The Long Island Railroad History Map is presented here in two parts made up of three files:
● the first part is the map reduced to 1/3 its original size for wide area views, just large enough to read the hand written history text, and to see the route traces, but too small to read map features like station stops.
● the second part is the full size map - the same size as the original scan. The full size map is too large for Internet browsers to display; file dimensions go beyond ordinary browser design limitations. (The hand-drawn map, ink on paper, measures 52 x 15 inches and was scanned by Jamaica Blueprint Company of Queens, NY into a .TIFF file 10356 x 2939 pixels.) The original .TIFF file was converted into two .GIF files, each representing half the map with overlapping ends - which was still too large for browsers to handle. So each .GIF file is sliced into smaller parts that are invisibly stitched together by your Internet browser. Some 600 small files now make up the two parts of the full size map.
The working concept is to use the 1/3 size map for most viewing, and switch to the full size map to see small features. Each map opens into its own window. Click on the appropriate map icon in the Windows tray that runs along the bottom of your display screen to pop up the map.
Points of Interest
The most interesting feature of the map is the concomitant information it reveals, that is, the history story itself; an encapsulation of railroad building from the early days of American railroading. The popular concept is that railroads spring from one Grand Design, a heroic panorama sweeping across the landscape, like the famous image of the Transcontinental Railroad coming together. Our history map dispels the myth and shows a different picture; a slow, torturous process of accretion, small companies gathering property rights and financial resources to lay a few miles of track from town to town only to go broke and abandon the enterprise in short order, or at best, surviving long enough to get swallowed up whole by a larger, but equally troubled fish. This, high hopes with sad realities story is still alive and rolls on unabated. The Long Island Railroad, born out of a chaotic New York railroading past has emerged into an equally chaotic present day railroading gallimaufry - many think no railroads at all will survive into the near future. The LIRR seems to wallow in annual catastrophic financial failure, and the national picture is no rosier. Witness the mid-20th Century wreck of the PennCentral, and the subsequent rise of the mighty Amtrack, made up of many failing regional systems fused into one gigantic financial mess. Why does this madness continue? What keeps an industry of super-sized business failures afloat in today’s savage capitalist society? Perhaps our history map holds some clues amidst all the anfractuosity.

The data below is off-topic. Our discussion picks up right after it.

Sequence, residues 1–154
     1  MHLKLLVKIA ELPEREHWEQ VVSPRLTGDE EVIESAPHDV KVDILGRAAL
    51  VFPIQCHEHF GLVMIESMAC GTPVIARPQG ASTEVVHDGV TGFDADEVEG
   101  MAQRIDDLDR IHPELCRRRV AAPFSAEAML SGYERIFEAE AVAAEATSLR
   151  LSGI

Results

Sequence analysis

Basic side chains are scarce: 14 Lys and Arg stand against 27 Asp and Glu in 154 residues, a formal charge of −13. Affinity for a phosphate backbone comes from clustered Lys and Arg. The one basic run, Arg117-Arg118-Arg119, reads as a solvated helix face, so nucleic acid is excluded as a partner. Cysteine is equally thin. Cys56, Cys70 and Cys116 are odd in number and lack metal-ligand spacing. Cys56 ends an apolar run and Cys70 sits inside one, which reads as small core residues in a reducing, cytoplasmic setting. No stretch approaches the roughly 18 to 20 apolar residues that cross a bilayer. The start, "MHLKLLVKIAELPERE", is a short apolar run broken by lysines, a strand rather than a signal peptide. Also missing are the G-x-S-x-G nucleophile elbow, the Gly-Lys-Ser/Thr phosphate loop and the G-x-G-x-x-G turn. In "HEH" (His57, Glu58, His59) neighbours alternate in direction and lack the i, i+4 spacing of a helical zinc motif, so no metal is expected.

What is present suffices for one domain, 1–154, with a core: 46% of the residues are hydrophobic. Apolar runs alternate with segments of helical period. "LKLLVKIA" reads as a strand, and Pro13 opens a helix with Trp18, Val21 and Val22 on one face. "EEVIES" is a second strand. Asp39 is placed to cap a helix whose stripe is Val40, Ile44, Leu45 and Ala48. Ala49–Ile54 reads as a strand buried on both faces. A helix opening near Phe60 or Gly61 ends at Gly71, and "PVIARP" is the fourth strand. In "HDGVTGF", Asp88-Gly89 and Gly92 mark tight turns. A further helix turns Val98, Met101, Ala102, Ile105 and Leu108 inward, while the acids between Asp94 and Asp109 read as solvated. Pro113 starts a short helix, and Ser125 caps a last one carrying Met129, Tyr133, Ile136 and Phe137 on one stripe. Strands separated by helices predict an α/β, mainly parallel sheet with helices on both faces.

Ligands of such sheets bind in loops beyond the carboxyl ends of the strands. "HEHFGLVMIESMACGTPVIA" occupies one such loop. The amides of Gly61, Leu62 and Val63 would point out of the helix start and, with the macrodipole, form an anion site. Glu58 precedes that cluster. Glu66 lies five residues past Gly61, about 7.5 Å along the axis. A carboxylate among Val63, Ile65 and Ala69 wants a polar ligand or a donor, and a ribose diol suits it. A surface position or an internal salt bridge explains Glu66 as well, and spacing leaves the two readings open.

The Rockaway Beach Line